It’s Twinkle’s Week
Tomorrow sees the publication of ‘Saving One More’, the sequel to ‘Saving Susie-Belle’ which I hope will make a significant contribution to pushing a greater level of awareness of what the world of commercially driven puppy breeding entails for dogs around the world. The book covers a lot of ground but it’s ultimately a celebration of the life that Twinkle and Susie-Belle now share with us. But, more than this, I hope it pays tribute to all dogs everywhere who should never have to live as they did. When Marc Abraham kindly agreed to write the foreword for it, I first felt honoured, but this was quickly followed by panic, as it focused my mind sharply on getting it written and published in time for this weekend’s major event, Pup Aid, as there cannot be a better place to celebrate Twinkle & Susie-Belle’s lives.
Well I managed it, with the help and support of a lot of people, some who we met at last year’s Pup Aid, and whose stories I include, like the beautiful Violet, a breeding dog dumped on the streets but now safe and happy and a poster girl no less…
Although the book is a personal account of how we share our lives with our dogs, the joys and challenges that Twinkle in particular has brought with her, I also wanted to include stories of other dogs as well as the people who are making a difference in the world in various ways. So as well as our story, within the pages readers will get to meet dogs like Tilly, whose relationship with Angie has a special significance. And Lucy, who through Lisa’s relentless efforts has a Facebook following that rivals the biggest of stars (well ok, perhaps I exaggerate a little), raising awareness along the way. Then there’s the dogs, survivors of breeding misery whose stories just needed telling, like Dolly, Heidi, Tilly and Lila all from the stereotypical puppy farm environment; and George and Daisy, not from a puppy farm, but a kennelled place of neglect as I want readers to know that the misery inflicted on dogs in the breeding industry has many faces and multiple sources.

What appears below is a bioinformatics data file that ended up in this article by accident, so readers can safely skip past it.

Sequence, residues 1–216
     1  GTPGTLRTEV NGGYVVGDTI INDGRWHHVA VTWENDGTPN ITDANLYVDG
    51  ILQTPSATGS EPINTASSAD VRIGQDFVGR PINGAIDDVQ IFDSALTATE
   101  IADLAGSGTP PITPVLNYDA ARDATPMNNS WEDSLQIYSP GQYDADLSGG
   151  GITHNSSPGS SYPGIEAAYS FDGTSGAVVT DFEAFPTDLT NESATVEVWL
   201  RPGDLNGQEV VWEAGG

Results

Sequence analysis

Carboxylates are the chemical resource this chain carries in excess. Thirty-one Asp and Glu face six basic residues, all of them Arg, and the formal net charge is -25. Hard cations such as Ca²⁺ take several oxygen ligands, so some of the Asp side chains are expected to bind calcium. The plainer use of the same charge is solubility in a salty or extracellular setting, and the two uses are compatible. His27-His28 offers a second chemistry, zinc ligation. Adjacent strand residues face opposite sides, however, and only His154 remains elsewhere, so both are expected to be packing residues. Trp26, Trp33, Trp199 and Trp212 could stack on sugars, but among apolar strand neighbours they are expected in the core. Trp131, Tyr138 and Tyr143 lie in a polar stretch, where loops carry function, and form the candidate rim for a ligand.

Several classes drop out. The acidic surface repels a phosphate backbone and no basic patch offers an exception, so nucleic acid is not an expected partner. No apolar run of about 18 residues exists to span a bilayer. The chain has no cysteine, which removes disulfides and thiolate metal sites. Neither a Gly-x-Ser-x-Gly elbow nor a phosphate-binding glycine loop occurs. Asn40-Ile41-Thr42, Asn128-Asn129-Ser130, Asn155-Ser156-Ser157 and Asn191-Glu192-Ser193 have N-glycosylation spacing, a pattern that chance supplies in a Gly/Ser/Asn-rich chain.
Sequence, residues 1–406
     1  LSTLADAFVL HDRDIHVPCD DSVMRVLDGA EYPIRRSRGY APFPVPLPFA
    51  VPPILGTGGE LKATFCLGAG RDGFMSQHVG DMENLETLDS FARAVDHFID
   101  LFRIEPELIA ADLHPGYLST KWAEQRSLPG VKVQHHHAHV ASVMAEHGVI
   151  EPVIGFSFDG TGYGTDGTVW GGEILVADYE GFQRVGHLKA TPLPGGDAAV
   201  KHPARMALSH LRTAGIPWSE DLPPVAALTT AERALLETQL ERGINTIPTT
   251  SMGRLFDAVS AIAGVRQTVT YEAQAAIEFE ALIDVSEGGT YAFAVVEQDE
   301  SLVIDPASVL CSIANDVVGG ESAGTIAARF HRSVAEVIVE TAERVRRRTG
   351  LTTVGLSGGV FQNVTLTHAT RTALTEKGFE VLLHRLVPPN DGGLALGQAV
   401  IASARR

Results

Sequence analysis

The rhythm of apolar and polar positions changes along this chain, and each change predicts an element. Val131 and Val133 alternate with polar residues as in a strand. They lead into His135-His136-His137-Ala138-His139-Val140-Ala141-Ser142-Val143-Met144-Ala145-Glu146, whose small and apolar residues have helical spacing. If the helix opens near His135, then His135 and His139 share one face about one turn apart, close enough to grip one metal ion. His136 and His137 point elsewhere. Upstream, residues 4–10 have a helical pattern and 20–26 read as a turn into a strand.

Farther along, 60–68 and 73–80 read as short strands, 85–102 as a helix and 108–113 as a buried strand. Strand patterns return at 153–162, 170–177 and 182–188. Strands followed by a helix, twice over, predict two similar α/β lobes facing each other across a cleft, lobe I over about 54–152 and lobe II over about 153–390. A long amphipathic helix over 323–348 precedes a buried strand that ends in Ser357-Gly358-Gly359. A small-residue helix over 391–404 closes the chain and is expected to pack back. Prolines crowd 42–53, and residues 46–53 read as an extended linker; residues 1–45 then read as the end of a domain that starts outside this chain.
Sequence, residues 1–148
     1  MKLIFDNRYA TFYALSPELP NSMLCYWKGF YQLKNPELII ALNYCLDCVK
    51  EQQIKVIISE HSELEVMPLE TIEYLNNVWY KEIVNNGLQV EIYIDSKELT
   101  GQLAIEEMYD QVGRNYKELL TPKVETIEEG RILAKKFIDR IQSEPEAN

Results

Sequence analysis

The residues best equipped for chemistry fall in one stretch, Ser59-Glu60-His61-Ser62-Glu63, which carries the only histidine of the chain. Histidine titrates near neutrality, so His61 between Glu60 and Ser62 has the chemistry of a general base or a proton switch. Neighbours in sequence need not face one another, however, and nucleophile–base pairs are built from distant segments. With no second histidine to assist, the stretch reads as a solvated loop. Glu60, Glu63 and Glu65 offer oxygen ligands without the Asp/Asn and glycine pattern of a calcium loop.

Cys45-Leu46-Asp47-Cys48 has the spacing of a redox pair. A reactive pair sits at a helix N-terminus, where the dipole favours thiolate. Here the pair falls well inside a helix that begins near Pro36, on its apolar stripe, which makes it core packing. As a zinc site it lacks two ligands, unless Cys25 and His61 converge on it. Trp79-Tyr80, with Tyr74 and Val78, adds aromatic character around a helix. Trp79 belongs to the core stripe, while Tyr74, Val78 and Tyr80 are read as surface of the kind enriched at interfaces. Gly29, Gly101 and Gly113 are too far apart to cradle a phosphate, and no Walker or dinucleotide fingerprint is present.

The stories include some of the puppies themselves who are born into a world that’s far from kind. Like Muddy, whose story stands as an example of how even experienced buyers can be duped by the unscrupulous. From America, in Lola’s story readers will see how her short life has spread a web of influence way beyond what we might imagine one tiny dog could achieve.
The dogs’ stories get told because they get out. They’re rescued by the kind of people whose strength to go into these places again and again, I can only imagine. I hope I do justice to the work of all rescuers who wish to see an end to this industry. Through sharing first-hand accounts, readers might understand the demons that haunt Twinkle which I write about throughout the book. Readers will find Debra Tranter’s words reveal why her organisation, Oscar’s Law will never give up the fight to end puppy factories in Australia. The book takes a global look at the industry and accounts of rescue work in the US by Terri of Safehaven Small Breed Rescue and Mindi of Bailing Out Benji and veterinary care given by Tracey in the UK and the kind of problems rescued dogs live with provided by Stop Puppy Farming End the Cruelty illustrate why the universal nature of the business and suffering must be addressed.
So, in a week that the world gets to meet Twinkle in all her flawed, damaged beauty, how she’s the result of an industry that damages millions of dogs just like her, and read how she keeps me from ever feeling complacent about life, I’ll leave you with this unique tribute to Twinkle that artist, Annabel Wilson has generously produced.
Watch on Youtube: Annabel’s Portrait of Twinkle
Twinkle spent years unloved in a puppy farm being forced to produce puppies for the industry. Now she’s free, loved and living her life. Most dogs don’t survive. Don’t close your eyes to puppy farming (by Annabel Wilson)